These results are consistent with previous results obtained with small aperture scanners [7, 9, 11, 13]. We show similarly on Fig. 2(b) that compensation of spatial dispersion of scanner 2 is achieved at 840nm and modeled perfectly by Eqs.5 and 6, as published previously . The difference in ellipticity measured for the 2 scanners is due, as shown from Eq. (5), from the differences in the focal length of the CCD lens used (in order to match their different scan range) and in beam diameter after the AOD (and therefore in spot diameter at the center of the FOV). For the scanner 2, the optimum frequency in the AOM was equal to 142 MHz, with a central frequency in the AOD of 100MHz, in agreement with Eq. (4) and with a bandwidth of 35MHz (45mrad).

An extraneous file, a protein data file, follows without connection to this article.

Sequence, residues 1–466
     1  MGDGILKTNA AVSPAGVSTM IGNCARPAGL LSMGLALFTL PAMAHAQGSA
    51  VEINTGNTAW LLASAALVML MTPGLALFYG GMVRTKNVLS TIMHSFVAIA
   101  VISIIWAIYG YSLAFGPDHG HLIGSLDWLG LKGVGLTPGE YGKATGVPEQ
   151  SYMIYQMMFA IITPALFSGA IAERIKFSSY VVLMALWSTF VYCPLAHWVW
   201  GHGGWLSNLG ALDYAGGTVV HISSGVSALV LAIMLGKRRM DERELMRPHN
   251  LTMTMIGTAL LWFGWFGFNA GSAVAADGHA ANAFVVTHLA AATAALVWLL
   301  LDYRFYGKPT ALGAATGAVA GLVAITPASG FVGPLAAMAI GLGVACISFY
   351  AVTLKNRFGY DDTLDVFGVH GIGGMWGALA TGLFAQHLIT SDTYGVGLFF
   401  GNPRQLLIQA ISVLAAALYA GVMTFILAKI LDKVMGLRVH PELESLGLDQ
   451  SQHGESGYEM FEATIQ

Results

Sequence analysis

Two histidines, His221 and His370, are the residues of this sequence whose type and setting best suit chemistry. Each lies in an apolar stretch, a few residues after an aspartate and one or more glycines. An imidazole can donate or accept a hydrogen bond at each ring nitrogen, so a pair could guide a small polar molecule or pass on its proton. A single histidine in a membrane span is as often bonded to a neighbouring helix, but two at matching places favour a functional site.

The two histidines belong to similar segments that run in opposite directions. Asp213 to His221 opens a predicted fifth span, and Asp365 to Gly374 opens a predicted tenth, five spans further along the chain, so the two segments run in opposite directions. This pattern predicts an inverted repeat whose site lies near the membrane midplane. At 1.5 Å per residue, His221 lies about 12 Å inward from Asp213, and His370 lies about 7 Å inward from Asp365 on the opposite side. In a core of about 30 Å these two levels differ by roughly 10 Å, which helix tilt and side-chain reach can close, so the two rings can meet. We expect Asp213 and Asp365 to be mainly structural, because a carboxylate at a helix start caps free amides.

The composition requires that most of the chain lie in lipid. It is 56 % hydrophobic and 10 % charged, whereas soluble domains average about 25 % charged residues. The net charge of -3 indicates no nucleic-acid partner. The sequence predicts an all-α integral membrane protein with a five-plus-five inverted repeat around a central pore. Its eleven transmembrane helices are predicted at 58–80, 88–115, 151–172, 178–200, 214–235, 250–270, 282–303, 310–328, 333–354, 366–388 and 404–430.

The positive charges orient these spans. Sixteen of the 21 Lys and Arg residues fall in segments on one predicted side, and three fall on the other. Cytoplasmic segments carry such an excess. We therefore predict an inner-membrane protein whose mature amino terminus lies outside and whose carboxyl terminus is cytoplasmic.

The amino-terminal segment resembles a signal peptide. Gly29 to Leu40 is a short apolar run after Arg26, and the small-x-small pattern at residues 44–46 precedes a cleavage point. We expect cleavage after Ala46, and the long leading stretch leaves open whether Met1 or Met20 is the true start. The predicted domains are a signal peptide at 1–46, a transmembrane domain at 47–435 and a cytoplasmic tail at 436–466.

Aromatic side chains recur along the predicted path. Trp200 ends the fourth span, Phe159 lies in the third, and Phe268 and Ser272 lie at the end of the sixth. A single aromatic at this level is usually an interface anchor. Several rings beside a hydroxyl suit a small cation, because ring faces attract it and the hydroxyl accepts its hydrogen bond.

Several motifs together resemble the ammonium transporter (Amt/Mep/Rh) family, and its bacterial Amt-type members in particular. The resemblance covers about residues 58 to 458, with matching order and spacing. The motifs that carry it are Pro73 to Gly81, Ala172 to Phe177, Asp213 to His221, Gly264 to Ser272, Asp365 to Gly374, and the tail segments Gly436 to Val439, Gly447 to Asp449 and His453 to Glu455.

To compensate for the spatial dispersion at different wavelengths in scanner 1, the AOM frequency was changed accordingly, as shown on Fig. 2c. We found that the optimum AOM frequency was shifted by a small constant offset of 9MHz with respect to the frequency predicted by Eq. (4). This prevented perfect compensation above 880nm, due to the limited bandwidth of our AOM and the scanner was therefore used from 720nm to 880nm. Figure 2(c) shows also the variation of the AOD minimum, maximum and centre frequencies. The resulting scan angle was constant as a function of the wavelength, of the order of 56mrad. Within the FOV, the laser intensity was varied by less than 20%. Finally, the typical transmission of the AOM-AOD scanner was of the order of 20%. Theses results demonstrate that compensation of the spectral dispersion is achieved at the centre of the FOV from 720nm up to 880nm and that the remaining dispersions are well modeled by Eqs. (5) and (6).